Member

    veltz meshuggener

    It could be that is what the Steipler advised Bochurim but he was known to learn 36 hours straight and then sleeping 8 hours.

    #900001

    Feif Un
    Participant

    nishtdayngesheft: Actually, I don’t read them anymore. I haven’t read one in years. Oh, and I don’t look at limudei kodesh as the same as limudei chol. I don’t know anyone that does. Someone started spreading this malicious rumor about YU that they view things as such, and it’s simply untrue.

    As for the stories, I never said they’re false. I heard a shiur a few years ago where the Rav said these books do more harm than good. The point of these books should be to inspire. When a kid reads how a gadol knew shas by the age of 13, and he has a hard time getting through one blatt with Rashi, do you think he’ll say, “Hey, I can be a talmud chacham just like R’ Ploni!”? No, he’ll say that since he doesn’t know Shas, there’s no hope for him.

    Books like The Making of a Godol were the ones that were better (yes, the Rav said this, although he didn’t say the name – he said “A certain book that detailed the lives of some gedolim and some of the challenges they faced while growing up, written by the son of one of them, which was unfairly banned.”) They show that you can live a normal life, make mistakes, and still become a gadol. R’ Hutner wrote in a famous letter that we should learn from the mistakes that Rabbonim made, and see how they picked themselves up.

    #900002

    uneeq
    Member

    I’m not so sure that books that have embarrassing stories of gedolim should be written, though I agree that just about every biography is written in the same way, with the same superlative descriptions.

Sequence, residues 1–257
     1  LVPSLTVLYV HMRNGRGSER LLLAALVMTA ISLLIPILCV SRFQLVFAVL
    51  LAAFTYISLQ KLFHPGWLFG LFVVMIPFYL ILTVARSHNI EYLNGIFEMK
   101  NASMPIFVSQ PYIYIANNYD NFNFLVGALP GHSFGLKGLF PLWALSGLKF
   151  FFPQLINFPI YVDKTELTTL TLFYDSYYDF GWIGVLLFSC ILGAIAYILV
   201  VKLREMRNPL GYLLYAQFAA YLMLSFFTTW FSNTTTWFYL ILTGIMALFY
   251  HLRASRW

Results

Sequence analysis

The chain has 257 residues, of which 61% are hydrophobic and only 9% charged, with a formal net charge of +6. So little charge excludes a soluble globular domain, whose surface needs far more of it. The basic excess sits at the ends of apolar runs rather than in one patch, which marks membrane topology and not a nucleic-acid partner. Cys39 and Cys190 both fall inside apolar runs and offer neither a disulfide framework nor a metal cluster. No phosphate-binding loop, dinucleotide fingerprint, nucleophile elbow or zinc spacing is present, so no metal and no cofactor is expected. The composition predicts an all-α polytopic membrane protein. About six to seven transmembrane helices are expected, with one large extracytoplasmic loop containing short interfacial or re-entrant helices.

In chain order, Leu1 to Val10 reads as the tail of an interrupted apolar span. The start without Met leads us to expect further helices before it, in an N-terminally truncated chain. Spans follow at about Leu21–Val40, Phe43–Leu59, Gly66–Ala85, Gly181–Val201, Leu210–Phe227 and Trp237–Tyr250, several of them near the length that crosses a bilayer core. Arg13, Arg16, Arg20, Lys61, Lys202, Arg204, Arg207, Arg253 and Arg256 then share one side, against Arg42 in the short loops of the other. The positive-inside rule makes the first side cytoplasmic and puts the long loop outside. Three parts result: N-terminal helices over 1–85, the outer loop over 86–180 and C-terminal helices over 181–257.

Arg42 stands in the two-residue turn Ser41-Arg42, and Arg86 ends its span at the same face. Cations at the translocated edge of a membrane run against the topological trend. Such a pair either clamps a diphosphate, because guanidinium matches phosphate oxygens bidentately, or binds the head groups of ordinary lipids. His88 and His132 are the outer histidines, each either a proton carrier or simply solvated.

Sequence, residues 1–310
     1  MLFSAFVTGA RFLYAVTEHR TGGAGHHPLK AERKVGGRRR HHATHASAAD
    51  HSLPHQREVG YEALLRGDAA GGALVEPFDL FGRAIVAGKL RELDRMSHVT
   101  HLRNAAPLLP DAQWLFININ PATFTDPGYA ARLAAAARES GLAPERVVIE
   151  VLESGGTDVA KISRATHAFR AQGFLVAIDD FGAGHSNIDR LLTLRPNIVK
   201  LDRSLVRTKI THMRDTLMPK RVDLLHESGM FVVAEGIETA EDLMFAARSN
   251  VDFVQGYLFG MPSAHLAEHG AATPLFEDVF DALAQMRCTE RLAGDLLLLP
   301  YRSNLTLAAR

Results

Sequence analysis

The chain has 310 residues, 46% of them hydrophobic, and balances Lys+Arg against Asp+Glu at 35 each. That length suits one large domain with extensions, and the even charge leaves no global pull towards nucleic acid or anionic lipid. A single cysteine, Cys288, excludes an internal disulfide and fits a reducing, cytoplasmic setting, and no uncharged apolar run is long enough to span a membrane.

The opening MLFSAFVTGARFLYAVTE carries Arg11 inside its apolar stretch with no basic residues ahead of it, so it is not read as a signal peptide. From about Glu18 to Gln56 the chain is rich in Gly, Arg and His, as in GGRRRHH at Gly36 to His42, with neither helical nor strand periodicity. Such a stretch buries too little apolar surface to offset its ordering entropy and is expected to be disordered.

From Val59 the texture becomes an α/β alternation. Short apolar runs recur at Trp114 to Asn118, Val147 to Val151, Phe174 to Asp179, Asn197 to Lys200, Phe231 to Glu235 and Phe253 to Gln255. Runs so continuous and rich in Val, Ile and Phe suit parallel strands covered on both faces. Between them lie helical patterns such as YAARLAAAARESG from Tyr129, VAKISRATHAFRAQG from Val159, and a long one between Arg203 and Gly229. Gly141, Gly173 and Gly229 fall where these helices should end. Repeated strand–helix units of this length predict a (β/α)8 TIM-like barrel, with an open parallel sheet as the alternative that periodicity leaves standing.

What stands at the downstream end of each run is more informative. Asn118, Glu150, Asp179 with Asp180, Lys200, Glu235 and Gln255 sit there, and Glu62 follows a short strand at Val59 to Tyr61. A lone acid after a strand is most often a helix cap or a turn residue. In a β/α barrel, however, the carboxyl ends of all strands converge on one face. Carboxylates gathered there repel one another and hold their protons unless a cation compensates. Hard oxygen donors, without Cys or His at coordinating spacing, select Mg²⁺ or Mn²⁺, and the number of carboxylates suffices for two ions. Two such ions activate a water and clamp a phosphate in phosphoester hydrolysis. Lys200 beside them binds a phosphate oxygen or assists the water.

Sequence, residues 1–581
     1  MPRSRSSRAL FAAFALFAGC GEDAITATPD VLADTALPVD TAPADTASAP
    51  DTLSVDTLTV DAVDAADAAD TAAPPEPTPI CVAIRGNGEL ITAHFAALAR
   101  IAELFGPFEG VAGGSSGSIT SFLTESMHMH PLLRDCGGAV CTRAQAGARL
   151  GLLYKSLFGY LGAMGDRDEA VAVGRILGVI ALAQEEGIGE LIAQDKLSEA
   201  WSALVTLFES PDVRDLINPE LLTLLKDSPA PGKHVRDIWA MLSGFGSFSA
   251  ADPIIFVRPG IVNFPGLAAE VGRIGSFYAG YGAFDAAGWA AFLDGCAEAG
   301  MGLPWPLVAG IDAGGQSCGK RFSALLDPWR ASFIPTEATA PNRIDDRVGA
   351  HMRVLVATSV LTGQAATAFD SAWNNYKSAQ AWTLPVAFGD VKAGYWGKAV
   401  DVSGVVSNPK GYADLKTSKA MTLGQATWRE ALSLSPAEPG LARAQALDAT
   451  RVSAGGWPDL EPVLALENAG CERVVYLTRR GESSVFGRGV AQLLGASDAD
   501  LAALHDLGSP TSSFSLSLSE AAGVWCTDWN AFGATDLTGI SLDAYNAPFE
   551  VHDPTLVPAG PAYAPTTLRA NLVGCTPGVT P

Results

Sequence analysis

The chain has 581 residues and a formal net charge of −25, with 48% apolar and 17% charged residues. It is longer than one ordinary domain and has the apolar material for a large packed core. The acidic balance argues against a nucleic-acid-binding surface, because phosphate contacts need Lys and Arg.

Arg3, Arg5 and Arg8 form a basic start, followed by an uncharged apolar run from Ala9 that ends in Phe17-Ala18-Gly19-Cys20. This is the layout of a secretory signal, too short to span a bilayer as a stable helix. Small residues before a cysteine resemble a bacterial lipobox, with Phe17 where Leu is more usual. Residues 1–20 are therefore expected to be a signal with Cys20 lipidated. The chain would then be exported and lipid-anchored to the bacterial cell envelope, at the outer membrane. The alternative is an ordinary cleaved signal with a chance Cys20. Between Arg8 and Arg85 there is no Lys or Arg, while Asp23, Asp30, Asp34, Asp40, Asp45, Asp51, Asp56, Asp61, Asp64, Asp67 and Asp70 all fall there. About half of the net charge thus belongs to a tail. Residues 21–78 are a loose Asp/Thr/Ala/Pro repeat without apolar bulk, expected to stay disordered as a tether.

Just about the only biography I ever enjoyed is about Rabbi Shlomo Freifeld. The book doesn’t go on and on ranting about how smart he is. Though it gives clear examples of his amazing and worldly wisdom, that will teach any person how to be a mensch and put a head on their shoulders.

    #900003

    nishtdayngesheft
    Participant

    Feif,

    Basically you did not respond.

    I am curious as to who your “Rav” is that you keep quoting. I wonder if he is a bar samcha. I am really not convinced that he is based on how you quote him. Nor am I convinced that your quotes are accurate.

    #900004

    Feif Un
    Participant

    nishtdayngesheft: The Rav who said this was not my Rav. He was a Rav in the community where I used to live (not the shul I davened at, because it was a very far walk), who was once invited to give a shiur.

    My Rosh Yeshiva who I often quote is someone else. I don’t want to write it here, because I’m sure there will be a lot of negative backlash against him for some of the things he’s said that I’ve written.

    #900005

    zahavasdad
    Participant

    Resh Lakish was a Robber and became a Amorah. Do you have any less respect for him because he was a Robber at an earlier time in his life

    #900006

    nishtdayngesheft
    Participant

    Feif,

    Right. Thanks for the clarification.